What is the difference between Digest and Basic Authentication ?
Digest Authentication communicates credentials in an encrypted form by applying a hash function to the the username, the password, a server supplied nonce value, the HTTP method, and the requested URI.
Whereas Basic Authentication uses unencrypted base64 encoding.
Therefore Basic Authentication should generally only be used where transport layer security is provided such as https.
See RFC-2617 for all the gory details.
HTTP Basic Access Authentication
- STEP 1 : the client makes a request for information, sending a username and password to the server in plain text
- STEP 2 : the server responds with the desired information or an error
Basic Authentication uses base64 encoding(not encryption) for generating our cryptographic string which contains the information of username and password. HTTP Basic doesn’t need to be implemented over SSL, but if you don’t, it isn’t secure at all. So I’m not even going to entertain the idea of using it without.
- Its simple to implement, so your client developers will have less work to do and take less time to deliver, so developers could be more likely to want to use your API
- Unlike Digest, you can store the passwords on the server in whatever encryption method you like, such as bcrypt, making the passwords more secure
- Just one call to the server is needed to get the information, making the client slightly faster than more complex authentication methods might be
- SSL is slower to run than basic HTTP so this causes the clients to be slightly slower
- If you don’t have control of the clients, and can’t force the server to use SSL, a developer might not use SSL, causing a security risk
In Summary – if you have control of the clients, or can ensure they use SSL, HTTP Basic is a good choice. The slowness of the SSL can be cancelled out by the speed of only making one request
Syntax of basic Authentication
Value = username:password Encoded Value = base64(Value) Authorization Value = Basic <Encoded Value> //at last Authorization key/value map added to http header as follows Authorization: <Authorization Value>
HTTP Digest Access Authentication
Digest Access Authentication uses the hashing(i.e digest means cut into small pieces) methodologies to generate the cryptographic result. HTTP Digest access authentication is a more complex form of authentication that works as follows:
- STEP 1 : a client sends a request to a server
- STEP 2 : the server responds with a special code (called a nonce i.e. number used only once), another string representing the realm(a hash) and asks the client to authenticate
- STEP 3 : the client responds with this nonce and an encrypted version of the username, password and realm (a hash)
- STEP 4 : the server responds with the requested information if the client hash matches their own hash of the username, password and realm, or an error if not
- No usernames or passwords are sent to the server in plaintext, making a non-SSL connection more secure than an HTTP Basic request that isn’t sent over SSL. This means SSL isn’t required, which makes each call slightly faster
- For every call needed, the client must make 2, making the process slightly slower than HTTP Basic
- HTTP Digest is vulnerable to a man-in-the-middle security attack which basically means it could be hacked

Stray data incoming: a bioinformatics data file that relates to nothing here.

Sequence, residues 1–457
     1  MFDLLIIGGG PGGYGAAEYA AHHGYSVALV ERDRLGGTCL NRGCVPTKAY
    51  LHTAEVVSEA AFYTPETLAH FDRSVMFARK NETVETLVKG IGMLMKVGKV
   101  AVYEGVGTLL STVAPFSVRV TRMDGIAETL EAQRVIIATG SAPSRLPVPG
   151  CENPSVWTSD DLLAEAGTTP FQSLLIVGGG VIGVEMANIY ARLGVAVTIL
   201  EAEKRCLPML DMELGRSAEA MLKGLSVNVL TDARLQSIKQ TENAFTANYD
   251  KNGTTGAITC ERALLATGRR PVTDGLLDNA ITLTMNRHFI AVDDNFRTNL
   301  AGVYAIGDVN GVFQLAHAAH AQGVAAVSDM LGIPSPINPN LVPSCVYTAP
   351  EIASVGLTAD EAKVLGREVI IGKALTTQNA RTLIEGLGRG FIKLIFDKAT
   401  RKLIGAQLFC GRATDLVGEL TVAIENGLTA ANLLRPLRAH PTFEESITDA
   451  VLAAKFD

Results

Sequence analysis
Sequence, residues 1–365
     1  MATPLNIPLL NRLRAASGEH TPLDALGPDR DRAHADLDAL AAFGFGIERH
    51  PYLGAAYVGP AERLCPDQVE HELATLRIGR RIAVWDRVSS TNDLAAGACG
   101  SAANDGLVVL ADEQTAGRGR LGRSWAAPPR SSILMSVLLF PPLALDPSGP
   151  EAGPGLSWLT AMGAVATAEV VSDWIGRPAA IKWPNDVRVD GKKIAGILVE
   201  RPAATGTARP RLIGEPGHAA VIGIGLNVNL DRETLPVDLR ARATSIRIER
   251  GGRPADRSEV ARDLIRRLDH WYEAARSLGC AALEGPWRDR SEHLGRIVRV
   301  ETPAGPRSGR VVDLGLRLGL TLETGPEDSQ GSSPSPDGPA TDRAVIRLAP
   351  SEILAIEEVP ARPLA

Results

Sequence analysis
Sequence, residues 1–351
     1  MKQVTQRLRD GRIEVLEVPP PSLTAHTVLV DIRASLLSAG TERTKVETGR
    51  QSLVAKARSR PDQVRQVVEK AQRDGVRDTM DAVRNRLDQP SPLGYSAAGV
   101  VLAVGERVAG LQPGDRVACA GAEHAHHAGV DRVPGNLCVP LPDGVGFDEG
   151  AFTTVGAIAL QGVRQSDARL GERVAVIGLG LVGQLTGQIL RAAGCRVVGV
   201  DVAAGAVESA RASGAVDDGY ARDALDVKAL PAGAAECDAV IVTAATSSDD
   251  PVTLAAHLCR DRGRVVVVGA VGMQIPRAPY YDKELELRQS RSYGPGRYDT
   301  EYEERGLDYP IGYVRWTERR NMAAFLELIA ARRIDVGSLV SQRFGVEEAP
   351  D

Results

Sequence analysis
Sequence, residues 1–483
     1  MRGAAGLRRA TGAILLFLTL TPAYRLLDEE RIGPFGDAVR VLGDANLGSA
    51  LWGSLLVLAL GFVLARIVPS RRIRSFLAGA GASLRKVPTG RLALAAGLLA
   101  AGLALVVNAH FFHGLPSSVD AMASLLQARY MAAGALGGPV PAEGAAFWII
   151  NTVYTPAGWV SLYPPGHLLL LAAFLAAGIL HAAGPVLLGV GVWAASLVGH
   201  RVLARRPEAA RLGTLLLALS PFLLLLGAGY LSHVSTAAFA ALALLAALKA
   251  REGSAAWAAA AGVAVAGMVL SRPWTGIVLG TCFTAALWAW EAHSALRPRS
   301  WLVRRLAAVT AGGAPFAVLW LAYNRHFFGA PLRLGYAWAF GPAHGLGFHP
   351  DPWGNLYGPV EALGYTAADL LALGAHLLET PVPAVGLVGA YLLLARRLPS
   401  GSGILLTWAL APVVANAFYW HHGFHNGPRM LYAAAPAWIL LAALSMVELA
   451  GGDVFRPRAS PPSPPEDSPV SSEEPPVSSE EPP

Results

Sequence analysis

- HTTP Digest prevents use of the strong password encryption, meaning the passwords stored on the server could be hacked
In Summary, HTTP Digest is inherently vulnerable to at least two attacks, whereas a server using strong encryption for passwords with HTTP Basic over SSL is less likely to share these vulnerabilities.
If you don’t have control over your clients however they could attempt to perform Basic authentication without SSL, which is much less secure than Digest.
RFC 2069 Digest Access Authentication Syntax
Hash1=MD5(username:realm:password) Hash2=MD5(method:digestURI) response=MD5(Hash1:nonce:Hash2)
RFC 2617 Digest Access Authentication Syntax
Hash1=MD5(username:realm:password) Hash2=MD5(method:digestURI) response=MD5(Hash1:nonce:nonceCount:cnonce:qop:Hash2) //some additional parameters added
In Postman looks as follows:
Let us see the difference between the two HTTP authentication using
Wireshark (Tool to analyse packets sent or received) .
1. Http Basic Authentication
As soon as the client types in the correct username:password,as requested by the Web-server, the Web-Server checks in the Database if the credentials are correct and gives the access to the resource .
Here is how the packets are sent and received :
In the first packet the Client fill the credentials using the POST method at the resource -
lab/webapp/basicauth .In return the server replies back with http response code 200 ok ,i.e, the username:password were correct .
Now , In the
Authorization header it shows that it is Basic Authorization followed by some random string .This String is the encoded (Base64) version of the credentials
admin:aadd (including colon ) .
2 . Http Digest Authentication(rfc 2069)
So far we have seen that the Basic Authentication sends username:password in plaintext over the network .But the Digest Auth sends a HASH of the Password using Hash algorithm.
Here are packets showing the requests made by the client and response from the server .
As soon as the client types the credentials requested by the server , the Password is converted to a
response using an algorithm and then is sent to the server , If the server Database has same response as given by the client the server gives the access to the resource , otherwise a 401 error .
Hence , we can see that the Digest Authentication is more Secure as it involve Hashing (MD5 encryption) , So the packet sniffer tools cannot sniff the Password although in Basic Auth the exact Password was shown on Wireshark.